Projected starting XI (4-2-3-1)
Neuer; Raum, Rudiger, Sule, Kehrer; Goretzka, Kimmich; Sane, Muller, Musiala; Havertz
Under Hansi Flick, Germany looks to dictate possession and play a more aesthetically pleasing brand of football than in previous years. Flick certainly has the squad to accomplish exactly that. However, Germany has yet to show consistency during his reign, often drifting in and out of games and relying too much on a moment of individual quality to procure results. The manic 3-3 friendly draw with England earlier this year was a microcosm of the team’s ongoing issues. Havertz scored a stunning goal in the match, and the team produced bright passages of play, but there was also defensive vulnerability and large portions where the Germans couldn’t control proceedings. If they put it all together, another World Cup title could be on the horizon.
Can Havertz adequately lead the line? The same question would have been asked of Timo Werner before an ill-timed ankle injury ruled him out of the tournament. While his absence almost certainly removes any debate over who will start up front for Flick, it doesn’t address the suitability of his top choices to operate as the de facto striker. Havertz, 23, has some of the skills necessary to thrive playing the central striker role. But the angular left-footer is more comfortable and looks more natural playing in the hole just behind, where he can float around, find space, and orchestrate moves instead of consistently being asked to finish them.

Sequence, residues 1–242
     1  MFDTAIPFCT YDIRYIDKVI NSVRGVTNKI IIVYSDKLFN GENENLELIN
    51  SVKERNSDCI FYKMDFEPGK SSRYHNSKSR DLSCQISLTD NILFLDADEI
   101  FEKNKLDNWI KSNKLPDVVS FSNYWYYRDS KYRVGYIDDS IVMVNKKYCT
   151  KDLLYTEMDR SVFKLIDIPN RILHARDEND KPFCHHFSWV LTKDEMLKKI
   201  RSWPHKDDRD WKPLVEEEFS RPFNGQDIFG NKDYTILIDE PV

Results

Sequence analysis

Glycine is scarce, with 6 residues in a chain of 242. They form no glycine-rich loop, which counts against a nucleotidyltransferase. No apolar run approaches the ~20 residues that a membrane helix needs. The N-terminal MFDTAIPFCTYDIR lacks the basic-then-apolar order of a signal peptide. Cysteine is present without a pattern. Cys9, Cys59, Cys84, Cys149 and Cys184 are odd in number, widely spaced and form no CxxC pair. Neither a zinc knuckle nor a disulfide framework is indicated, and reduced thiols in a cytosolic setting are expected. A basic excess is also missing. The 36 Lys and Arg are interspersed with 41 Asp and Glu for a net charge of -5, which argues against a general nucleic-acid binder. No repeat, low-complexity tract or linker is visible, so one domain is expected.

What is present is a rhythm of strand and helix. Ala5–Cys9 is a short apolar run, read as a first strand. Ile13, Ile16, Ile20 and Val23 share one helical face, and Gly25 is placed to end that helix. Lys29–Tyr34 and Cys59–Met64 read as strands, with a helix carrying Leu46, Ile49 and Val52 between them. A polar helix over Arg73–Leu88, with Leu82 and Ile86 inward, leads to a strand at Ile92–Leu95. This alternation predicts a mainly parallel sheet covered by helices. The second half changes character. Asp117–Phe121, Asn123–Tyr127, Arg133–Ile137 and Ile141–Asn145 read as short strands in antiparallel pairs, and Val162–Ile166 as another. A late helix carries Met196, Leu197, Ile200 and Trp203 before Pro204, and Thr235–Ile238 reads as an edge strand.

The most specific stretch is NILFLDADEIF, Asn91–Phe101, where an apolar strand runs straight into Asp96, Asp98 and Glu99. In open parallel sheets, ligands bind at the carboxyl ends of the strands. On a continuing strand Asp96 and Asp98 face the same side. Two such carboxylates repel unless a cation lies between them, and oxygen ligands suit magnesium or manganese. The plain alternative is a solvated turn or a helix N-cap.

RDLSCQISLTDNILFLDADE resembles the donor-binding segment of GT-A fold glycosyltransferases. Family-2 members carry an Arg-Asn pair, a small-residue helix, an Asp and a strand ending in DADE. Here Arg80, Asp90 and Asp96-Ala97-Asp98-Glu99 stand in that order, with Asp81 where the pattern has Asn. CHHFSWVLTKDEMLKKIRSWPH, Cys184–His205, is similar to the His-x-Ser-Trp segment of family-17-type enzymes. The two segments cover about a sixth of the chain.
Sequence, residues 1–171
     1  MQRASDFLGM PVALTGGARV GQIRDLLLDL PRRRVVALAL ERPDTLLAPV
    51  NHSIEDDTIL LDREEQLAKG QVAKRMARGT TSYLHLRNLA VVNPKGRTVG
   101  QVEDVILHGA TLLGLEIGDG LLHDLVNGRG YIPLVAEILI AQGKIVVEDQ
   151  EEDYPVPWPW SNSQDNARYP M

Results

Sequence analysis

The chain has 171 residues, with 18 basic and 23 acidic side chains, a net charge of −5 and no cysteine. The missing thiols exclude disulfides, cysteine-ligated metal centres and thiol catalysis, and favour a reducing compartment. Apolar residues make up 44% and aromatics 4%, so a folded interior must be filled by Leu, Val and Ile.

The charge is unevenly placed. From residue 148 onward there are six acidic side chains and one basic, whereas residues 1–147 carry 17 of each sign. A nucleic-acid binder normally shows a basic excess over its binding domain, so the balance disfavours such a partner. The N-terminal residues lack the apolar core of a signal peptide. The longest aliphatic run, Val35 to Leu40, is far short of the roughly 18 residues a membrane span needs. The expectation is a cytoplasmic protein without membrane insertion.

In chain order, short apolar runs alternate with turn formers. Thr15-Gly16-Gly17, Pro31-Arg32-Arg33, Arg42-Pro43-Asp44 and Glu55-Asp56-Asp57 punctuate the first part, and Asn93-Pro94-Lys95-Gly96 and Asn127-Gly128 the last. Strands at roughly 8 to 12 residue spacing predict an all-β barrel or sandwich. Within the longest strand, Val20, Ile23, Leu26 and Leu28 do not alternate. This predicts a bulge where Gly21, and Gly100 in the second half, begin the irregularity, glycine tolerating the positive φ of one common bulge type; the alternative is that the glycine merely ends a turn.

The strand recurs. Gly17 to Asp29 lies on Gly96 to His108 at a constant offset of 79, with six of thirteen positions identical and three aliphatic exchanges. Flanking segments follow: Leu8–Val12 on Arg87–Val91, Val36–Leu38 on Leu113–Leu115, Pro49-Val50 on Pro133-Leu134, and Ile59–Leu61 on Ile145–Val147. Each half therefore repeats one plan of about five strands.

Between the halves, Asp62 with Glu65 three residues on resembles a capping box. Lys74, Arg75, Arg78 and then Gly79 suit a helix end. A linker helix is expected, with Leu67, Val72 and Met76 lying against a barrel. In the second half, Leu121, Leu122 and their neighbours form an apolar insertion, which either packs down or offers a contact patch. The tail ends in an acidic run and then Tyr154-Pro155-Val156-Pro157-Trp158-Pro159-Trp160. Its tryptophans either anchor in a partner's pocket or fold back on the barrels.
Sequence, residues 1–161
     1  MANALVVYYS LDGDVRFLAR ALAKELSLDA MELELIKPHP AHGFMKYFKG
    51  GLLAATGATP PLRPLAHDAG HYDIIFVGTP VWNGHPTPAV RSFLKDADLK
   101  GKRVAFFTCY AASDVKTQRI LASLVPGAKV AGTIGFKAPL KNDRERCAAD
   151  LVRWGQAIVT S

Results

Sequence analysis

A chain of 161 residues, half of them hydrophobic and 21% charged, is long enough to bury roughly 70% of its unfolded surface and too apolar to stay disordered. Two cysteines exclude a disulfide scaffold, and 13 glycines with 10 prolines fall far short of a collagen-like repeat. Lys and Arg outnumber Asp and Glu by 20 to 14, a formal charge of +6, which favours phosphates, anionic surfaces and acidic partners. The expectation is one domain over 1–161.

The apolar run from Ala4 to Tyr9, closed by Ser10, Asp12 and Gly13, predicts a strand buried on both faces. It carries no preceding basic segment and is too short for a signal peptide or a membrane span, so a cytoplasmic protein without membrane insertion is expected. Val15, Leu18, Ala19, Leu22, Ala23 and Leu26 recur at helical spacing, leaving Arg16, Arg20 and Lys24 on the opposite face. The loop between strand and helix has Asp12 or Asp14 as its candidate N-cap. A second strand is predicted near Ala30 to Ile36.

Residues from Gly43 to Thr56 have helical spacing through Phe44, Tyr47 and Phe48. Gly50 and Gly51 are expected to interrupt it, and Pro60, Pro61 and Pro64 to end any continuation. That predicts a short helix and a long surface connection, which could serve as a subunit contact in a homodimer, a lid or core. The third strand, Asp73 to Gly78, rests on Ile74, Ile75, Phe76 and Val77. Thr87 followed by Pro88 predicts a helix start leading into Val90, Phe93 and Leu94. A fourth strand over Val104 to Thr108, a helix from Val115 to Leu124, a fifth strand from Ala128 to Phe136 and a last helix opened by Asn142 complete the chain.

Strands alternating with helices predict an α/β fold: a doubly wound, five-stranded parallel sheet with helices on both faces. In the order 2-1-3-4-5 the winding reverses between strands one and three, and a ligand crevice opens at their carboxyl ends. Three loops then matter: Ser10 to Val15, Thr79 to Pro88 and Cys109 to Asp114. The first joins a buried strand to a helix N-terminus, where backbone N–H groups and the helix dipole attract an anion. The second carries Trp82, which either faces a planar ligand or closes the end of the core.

Goals will need to come from everywhere if Germany is to reverse its recent trend of faltering at major tournaments and reestablish its reputation as a “Turniermannschaft” – a tournament team – that thrives on the biggest stage. A repeat of the humbling group-stage exit four years ago would be an unmitigated disaster.
- Manager: Hajime Moriyasu
- Nickname: Samurai Blue
- FIFA ranking: 24
- Best World Cup finish: Round of 16 (2002, 2010, and 2018)
- Betting odds: +25000
Player to watch